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Maritime

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Elvers: will the party soon end?

Written by  Stephen Rappaport Tuesday, February 26, 2013 at 9:55 am
Elvers, juvenile American eels, fetched as much as $2,600 per pound last spring. Elvers, juvenile American eels, fetched as much as $2,600 per pound last spring. FILE PHOTO

ELLSWORTH — With harvesters pocketing as much as $2,600 for a pound of elvers last spring, fishing for the tiny, transparent juvenile eels was almost like panning for gold in a stream full of nuggets. But the gold rush may soon be over.

On Friday, the Atlantic States Marine Fisheries Commission (ASMFC) announced that it would soon release a draft management plan that is likely to have a profound effect on the fishery for American eels, including elvers. In the worst case, the plan could even bring the commercial fishery to a halt.

Within the next two or three weeks, ASMFC plans to publish a “Draft Addendum III” to its Interstate Fishery Management Plan for American eels. Among other measures up for consideration, the draft will include an option to establish an overall, annual landings quota for elvers — also know as glass eels — or to impose a moratorium on their harvest.

If all goes according to schedule, the commission could act on Addendum III by sometime in May, Kate Taylor, an ASMFC senior fishery management coordinator, said Monday.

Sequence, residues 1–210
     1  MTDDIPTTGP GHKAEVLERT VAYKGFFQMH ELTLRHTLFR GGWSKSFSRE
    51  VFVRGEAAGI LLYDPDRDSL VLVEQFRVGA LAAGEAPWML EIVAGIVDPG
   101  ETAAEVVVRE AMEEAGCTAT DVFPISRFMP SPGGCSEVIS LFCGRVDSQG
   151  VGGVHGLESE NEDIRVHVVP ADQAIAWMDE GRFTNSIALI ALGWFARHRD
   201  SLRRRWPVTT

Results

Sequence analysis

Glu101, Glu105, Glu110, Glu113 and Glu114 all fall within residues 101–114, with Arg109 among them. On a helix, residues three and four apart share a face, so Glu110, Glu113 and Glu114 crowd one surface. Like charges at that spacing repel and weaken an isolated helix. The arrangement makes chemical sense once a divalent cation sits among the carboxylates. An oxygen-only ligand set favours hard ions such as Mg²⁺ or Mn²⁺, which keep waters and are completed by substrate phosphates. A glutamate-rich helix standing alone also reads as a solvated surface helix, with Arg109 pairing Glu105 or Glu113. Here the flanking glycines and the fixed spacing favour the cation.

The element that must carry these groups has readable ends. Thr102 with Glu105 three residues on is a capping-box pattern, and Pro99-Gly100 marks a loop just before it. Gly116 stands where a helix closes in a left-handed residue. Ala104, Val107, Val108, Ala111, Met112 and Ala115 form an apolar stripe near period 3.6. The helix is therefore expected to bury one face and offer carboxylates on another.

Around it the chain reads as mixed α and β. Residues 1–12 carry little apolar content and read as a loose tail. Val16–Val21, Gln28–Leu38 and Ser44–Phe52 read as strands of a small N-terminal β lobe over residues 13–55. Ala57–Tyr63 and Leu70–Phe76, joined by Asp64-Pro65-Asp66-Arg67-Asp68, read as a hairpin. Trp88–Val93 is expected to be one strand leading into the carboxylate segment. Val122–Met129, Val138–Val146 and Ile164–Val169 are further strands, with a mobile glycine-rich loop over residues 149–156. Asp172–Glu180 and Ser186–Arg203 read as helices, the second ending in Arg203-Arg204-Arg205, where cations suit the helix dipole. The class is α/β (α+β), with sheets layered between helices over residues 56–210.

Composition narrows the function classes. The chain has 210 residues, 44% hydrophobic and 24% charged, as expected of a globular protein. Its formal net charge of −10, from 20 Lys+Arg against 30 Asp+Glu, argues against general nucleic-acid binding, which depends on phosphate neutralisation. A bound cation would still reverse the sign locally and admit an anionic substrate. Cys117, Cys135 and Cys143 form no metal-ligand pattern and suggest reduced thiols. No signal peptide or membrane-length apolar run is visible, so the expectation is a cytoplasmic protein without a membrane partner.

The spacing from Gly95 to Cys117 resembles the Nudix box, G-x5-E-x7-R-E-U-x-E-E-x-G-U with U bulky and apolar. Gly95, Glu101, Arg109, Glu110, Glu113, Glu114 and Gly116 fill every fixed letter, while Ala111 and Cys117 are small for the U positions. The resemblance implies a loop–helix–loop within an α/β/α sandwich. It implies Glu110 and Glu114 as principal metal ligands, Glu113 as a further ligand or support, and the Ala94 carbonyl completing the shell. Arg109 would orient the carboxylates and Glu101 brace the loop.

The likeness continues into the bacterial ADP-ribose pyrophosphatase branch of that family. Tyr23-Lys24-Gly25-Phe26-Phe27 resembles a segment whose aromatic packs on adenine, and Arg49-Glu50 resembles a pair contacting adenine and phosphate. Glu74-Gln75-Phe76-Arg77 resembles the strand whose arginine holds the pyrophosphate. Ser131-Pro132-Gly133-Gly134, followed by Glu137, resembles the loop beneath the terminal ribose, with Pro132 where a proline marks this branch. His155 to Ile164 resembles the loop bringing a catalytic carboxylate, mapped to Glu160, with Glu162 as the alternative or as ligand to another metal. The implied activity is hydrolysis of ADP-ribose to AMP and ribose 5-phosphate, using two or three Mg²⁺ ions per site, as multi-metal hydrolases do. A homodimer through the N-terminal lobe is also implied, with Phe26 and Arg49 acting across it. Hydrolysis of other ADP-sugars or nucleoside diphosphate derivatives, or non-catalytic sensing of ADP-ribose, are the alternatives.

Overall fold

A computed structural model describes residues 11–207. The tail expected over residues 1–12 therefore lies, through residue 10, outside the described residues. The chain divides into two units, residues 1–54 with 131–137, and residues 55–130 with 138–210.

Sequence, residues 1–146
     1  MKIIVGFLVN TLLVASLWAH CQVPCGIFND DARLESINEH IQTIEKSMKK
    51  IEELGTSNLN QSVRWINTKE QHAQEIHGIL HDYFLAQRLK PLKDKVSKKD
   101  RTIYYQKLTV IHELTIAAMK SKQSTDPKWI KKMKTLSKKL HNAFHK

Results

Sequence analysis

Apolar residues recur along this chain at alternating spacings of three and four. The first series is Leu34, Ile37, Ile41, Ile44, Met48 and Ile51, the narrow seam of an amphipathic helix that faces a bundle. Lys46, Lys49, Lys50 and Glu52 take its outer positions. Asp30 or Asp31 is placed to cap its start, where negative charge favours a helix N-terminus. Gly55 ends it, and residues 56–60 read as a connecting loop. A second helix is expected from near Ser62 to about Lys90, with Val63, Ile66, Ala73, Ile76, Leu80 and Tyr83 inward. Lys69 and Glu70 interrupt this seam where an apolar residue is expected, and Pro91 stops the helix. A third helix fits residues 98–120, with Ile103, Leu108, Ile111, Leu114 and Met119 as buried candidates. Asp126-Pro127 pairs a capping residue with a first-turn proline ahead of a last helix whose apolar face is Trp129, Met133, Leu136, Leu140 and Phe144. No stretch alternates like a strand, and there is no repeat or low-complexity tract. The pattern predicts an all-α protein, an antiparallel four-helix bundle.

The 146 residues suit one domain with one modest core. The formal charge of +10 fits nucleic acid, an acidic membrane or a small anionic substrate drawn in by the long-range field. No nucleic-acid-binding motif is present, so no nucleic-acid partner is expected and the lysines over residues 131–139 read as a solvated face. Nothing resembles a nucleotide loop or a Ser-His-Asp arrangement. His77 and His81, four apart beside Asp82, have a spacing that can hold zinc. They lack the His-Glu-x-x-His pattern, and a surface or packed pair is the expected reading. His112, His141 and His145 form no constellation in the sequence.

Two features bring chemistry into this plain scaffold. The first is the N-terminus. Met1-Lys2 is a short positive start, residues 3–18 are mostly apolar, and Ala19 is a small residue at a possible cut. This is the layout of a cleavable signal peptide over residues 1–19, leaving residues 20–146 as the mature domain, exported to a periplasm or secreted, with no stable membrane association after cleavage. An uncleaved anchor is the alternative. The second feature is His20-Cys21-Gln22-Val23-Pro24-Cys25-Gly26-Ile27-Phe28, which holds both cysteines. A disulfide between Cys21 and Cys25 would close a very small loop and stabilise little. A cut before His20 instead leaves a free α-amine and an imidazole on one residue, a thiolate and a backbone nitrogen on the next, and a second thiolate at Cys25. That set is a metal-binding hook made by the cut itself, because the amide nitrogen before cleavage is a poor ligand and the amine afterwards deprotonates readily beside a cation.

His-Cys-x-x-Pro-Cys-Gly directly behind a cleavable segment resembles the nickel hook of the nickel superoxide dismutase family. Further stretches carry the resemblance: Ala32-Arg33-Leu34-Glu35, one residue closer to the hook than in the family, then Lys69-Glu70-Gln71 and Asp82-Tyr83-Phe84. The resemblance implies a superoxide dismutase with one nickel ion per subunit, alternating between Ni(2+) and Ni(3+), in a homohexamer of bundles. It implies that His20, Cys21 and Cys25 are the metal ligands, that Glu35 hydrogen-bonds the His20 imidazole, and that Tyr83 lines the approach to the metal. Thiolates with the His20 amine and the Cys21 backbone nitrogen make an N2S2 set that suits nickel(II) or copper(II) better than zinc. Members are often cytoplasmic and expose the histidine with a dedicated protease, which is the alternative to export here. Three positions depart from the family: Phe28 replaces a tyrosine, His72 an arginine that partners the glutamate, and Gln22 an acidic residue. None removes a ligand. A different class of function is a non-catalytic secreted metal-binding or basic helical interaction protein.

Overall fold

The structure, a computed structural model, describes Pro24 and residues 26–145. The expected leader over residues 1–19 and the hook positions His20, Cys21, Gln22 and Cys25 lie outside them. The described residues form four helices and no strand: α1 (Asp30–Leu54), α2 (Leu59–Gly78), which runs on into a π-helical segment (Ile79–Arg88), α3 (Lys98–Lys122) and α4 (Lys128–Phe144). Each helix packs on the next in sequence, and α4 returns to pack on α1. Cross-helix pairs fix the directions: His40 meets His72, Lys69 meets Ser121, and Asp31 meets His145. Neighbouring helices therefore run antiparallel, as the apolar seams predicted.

Last year, scientists completed a comprehensive “benchmark” stock assessment for American eels. Their conclusion: the population of eels in U.S. waters has declined in recent decades and is currently depleted.

According to the ASMFC, the decline in the number of eels is probably the result of “a combination of historical overfishing, habitat loss, food web alterations, turbine mortality, environmental changes,” as well as toxins and contaminants in the water and disease. The question now facing fisheries regulators is how to address the decline.

For more maritime news, pick up a copy of The Ellsworth American.

Stephen Rappaport

Stephen Rappaport

Stephen Rappaport, Waterfront Editor of The Ellsworth American, has lived in Maine for more than 20 years. A lifelong sailor, he spends as much time as possible messing about in boats.

Website: ellsworthamerican.com
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